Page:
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Nguyen HQ, Moy ML, Fan VS, Gould MK, Xiang A, Bailey A, Desai S, Coleman KJ. Applying the pragmatic-explanatory continuum indicator summary to the implementation of a physical activity coaching trial in chronic obstructive pulmonary disease. Nursing Outlook. 2018 Sep 1; 66(5):455-463.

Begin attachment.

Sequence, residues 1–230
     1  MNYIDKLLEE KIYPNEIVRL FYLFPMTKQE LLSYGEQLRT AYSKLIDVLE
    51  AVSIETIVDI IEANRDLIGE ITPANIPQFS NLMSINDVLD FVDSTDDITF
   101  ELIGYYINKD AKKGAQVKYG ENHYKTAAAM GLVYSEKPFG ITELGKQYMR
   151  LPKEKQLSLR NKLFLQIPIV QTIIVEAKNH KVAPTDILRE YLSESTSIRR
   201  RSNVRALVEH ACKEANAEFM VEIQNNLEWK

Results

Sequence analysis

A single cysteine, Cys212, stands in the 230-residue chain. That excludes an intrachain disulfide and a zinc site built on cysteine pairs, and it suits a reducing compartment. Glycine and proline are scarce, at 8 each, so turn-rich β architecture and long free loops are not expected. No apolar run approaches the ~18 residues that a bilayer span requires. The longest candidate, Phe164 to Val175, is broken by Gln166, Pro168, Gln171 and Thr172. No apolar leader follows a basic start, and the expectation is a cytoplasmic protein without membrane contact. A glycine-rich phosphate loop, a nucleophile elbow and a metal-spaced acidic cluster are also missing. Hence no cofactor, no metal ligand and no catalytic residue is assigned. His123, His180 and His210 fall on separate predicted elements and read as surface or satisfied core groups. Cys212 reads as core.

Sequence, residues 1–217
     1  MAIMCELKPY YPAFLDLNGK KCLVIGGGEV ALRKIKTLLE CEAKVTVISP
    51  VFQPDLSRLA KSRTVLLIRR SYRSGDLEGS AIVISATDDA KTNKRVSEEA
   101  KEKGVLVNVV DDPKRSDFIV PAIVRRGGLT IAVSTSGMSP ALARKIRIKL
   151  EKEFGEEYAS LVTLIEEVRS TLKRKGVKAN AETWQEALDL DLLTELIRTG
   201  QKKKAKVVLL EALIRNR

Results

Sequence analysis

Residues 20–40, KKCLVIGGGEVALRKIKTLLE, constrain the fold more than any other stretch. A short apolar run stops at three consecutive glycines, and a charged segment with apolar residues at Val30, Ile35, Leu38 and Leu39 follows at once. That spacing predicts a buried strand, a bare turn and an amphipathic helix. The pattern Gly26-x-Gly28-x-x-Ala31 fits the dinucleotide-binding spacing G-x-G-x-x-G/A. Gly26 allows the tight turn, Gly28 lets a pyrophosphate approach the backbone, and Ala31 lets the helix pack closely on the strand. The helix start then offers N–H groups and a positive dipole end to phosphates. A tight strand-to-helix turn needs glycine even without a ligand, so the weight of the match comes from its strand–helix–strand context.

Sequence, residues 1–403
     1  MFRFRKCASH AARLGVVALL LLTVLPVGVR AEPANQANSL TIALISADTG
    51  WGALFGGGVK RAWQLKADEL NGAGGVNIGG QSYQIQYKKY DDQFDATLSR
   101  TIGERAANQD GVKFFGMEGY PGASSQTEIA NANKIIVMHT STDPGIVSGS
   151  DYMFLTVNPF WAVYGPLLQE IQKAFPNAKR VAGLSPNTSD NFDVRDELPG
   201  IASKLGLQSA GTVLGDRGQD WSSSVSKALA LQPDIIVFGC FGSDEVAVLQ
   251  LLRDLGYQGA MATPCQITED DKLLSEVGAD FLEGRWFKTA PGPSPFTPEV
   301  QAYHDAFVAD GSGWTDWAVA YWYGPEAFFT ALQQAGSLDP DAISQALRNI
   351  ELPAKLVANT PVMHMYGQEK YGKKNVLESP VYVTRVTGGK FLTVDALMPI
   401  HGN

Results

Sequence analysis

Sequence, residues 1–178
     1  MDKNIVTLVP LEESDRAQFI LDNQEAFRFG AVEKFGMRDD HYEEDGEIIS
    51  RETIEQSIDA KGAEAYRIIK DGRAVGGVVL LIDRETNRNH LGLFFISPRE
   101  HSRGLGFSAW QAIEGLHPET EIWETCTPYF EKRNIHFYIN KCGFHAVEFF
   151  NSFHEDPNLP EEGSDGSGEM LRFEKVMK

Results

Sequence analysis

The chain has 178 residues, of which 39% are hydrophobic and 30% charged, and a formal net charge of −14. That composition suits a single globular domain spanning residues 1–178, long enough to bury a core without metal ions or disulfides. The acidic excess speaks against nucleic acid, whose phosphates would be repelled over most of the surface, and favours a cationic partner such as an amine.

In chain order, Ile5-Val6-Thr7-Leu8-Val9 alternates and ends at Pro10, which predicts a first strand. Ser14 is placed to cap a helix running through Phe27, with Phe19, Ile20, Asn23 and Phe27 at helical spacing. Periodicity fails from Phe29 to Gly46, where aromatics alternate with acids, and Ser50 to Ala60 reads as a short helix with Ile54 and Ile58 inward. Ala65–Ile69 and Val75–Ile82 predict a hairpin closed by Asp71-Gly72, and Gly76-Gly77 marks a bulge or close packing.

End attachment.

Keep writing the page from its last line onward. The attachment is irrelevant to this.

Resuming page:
BACKGROUND: Observational studies show that physical inactivity is associated with worse outcomes in chronic obstructive pulmonary disease (COPD). Despite practice guidelines recommending regular physical activity (PA), there are no large-scale experimental studies to confirm that patients at high risk for COPD exacerbations can increase their PA and consequently, have improved outcomes. PURPOSE: The purpose of this case study is to describe the use of a widely accepted pragmatic trials framework for the design and implementation of a pragmatic clinical trial (PCT) of PA coaching for COPD in a real-world setting. METHOD: The aim of the trial was to determine the effectiveness of a 12-month PA coaching intervention (Walk On!) compared to standard care for 2,707 patients at high risk for COPD exacerbations from a large integrated health care system. The descriptions of our implementation experiences are anchored within the pragmatic-explanatory continuum indicator summary (PRECIS-2) framework. DISCUSSION: Facilitators of PCT implementation include early and ongoing engagement and support of multiple stakeholders including patients, health system leaders, administrators, physician champions, and frontline clinicians, an organizational/setting that prioritizes positive lifestyle behaviors, and a flexible intervention that allows for individualization. Pragmatic challenges include reliance on electronic data that are not complete or available in real-time for patient identification, timing of outreach may not synchronize with patients'' readiness for change, and high turnover of clinical staff drawn from the existing workforce. DISCUSSION: PRECIS-2 is a useful guide for organizing decisions about study designs and implementation approaches to help diverse stakeholders recognize the compromises between internal and external validity with those decisions.